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This close-up look at Janus (179 kilometers, 111 miles across) reveals spots on the moon's surface which may be dark material exposed by impacts. If the dark markings within bright terrain are indeed impact features, then Janus' surface represents a contrast with that of Phoebe, where impacts have uncovered bright material beneath a darker overlying layer.
Janus is supposed by scientists to be a porous body, composed mostly of water ice.
The image was taken in visible light with the narrow angle camera on May 20, 2005 from a distance of approximately 357,000 kilometers (222,000 miles) from Janus and at a Sun-Janus-spacecraft, or phase, angle of 6 degrees. Resolution in the original image was 2 kilometers (1 mile) per pixel. The view was magnified by a factor of two and contrast-enhanced to aid visibility of the moon's surface.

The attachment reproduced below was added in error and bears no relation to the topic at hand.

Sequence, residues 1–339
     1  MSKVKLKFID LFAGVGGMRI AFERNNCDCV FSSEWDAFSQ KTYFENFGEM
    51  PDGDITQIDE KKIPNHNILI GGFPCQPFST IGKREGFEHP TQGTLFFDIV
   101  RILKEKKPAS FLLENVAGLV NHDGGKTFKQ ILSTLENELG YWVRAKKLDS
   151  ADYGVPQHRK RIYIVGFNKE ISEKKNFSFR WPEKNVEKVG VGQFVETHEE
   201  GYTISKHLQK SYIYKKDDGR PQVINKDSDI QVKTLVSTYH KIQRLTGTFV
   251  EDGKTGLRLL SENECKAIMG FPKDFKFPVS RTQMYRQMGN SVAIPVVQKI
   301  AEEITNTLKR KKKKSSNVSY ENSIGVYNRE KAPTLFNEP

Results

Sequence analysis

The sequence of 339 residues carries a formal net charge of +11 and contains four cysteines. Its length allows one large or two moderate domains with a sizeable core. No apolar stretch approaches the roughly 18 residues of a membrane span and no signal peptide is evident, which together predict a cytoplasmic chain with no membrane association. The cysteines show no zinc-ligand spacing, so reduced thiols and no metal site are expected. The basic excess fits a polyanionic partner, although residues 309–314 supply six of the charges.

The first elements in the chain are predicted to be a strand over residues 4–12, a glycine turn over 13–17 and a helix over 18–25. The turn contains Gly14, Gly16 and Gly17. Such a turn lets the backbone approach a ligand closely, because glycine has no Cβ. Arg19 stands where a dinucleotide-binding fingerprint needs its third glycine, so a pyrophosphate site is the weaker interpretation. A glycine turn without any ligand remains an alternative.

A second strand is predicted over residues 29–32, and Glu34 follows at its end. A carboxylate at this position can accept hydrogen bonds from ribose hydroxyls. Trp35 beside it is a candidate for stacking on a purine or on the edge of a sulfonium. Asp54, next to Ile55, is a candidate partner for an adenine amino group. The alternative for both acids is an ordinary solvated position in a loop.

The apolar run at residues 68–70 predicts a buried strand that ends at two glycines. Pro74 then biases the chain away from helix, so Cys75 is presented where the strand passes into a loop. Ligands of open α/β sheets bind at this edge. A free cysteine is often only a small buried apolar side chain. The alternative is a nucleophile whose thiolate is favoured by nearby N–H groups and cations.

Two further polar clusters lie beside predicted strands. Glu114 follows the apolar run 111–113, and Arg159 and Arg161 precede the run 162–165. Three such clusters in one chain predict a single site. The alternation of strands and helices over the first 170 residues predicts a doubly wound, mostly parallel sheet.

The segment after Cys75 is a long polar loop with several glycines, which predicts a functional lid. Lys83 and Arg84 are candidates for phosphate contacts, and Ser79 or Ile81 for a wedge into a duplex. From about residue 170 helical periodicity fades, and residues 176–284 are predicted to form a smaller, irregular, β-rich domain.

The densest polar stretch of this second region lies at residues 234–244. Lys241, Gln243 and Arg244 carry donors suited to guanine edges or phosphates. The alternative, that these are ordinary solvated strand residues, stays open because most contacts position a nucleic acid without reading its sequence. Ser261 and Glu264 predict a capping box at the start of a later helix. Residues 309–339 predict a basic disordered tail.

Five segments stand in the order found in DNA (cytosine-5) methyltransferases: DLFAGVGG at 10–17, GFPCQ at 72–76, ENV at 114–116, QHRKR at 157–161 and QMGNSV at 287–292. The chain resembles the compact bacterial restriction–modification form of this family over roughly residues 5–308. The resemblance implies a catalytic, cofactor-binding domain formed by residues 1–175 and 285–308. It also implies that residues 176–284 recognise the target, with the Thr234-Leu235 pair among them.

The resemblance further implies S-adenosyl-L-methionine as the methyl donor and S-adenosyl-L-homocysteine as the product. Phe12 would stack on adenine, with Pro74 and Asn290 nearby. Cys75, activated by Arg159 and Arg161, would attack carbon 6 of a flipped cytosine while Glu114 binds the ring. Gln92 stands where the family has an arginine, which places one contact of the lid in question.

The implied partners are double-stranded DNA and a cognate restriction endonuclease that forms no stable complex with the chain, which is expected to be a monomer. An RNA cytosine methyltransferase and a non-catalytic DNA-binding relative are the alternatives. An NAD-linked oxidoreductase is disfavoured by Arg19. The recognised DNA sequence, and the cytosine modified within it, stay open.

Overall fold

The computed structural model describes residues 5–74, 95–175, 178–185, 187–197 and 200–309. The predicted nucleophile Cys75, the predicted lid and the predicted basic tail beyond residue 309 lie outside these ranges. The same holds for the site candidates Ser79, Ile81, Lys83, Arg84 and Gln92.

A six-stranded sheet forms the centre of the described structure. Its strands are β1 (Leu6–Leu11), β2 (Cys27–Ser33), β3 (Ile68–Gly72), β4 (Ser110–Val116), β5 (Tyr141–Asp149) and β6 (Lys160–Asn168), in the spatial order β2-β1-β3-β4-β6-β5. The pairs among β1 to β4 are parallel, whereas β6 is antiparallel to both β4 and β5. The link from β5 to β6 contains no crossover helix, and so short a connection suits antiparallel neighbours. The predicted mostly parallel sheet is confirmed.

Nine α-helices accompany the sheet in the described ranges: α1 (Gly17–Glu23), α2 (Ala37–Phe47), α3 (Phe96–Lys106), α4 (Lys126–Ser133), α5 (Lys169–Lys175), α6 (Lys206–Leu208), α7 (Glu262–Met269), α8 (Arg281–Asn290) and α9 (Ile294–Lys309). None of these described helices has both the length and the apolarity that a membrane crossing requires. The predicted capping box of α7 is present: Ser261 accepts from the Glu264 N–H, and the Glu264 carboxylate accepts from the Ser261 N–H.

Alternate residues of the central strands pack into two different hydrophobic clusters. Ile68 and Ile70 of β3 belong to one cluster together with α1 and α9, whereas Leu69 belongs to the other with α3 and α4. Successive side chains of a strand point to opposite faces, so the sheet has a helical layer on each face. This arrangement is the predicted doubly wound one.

The Cassini-Huygens mission is a cooperative project of NASA, the European Space Agency and the Italian Space Agency. The Jet Propulsion Laboratory, a division of the California Institute of Technology in Pasadena, manages the Cassini-Huygens mission for NASA's Science Mission Directorate, Washington, D.C. The imaging team consists of scientists from the US, England, France, and Germany. The imaging operations center and team lead (Dr. C. Porco) are based at the Space Science Institute in Boulder, Colo.